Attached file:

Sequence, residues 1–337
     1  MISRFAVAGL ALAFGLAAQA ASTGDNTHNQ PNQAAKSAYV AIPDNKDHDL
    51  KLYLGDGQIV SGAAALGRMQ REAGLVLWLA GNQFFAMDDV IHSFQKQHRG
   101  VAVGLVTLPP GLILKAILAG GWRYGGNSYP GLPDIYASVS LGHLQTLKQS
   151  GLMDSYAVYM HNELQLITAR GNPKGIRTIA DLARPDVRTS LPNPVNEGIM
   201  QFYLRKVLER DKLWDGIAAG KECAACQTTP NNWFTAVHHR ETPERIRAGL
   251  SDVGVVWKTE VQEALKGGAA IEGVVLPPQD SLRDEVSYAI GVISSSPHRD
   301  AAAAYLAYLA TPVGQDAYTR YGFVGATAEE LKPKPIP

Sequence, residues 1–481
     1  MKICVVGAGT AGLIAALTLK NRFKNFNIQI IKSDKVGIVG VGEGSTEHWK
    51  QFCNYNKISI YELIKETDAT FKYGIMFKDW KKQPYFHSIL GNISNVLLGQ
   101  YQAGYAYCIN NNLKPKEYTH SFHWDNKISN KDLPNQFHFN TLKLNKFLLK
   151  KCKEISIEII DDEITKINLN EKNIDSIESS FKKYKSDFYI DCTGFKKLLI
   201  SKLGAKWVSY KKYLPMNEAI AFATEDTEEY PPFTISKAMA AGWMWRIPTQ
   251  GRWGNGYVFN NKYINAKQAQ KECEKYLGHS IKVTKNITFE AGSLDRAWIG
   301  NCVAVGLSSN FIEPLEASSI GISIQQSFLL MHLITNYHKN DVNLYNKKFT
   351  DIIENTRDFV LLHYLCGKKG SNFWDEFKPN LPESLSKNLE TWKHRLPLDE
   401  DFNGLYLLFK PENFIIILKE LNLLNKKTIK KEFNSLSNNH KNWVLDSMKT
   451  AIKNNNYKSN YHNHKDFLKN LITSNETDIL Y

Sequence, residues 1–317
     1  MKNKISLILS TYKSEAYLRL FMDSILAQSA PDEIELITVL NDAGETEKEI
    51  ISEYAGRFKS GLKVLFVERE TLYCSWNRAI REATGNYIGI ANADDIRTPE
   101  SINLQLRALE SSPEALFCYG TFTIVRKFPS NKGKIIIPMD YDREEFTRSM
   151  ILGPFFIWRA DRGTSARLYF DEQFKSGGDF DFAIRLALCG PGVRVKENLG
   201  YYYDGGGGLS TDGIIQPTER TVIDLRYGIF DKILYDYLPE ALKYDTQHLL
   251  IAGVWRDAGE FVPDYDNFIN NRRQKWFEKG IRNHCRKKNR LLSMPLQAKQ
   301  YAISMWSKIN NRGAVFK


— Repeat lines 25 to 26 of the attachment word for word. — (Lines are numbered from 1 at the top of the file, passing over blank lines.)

   201  YYYDGGGGLS TDGIIQPTER TVIDLRYGIF DKILYDYLPE ALKYDTQHLL
   251  IAGVWRDAGE FVPDYDNFIN NRRQKWFEKG IRNHCRKKNR LLSMPLQAKQ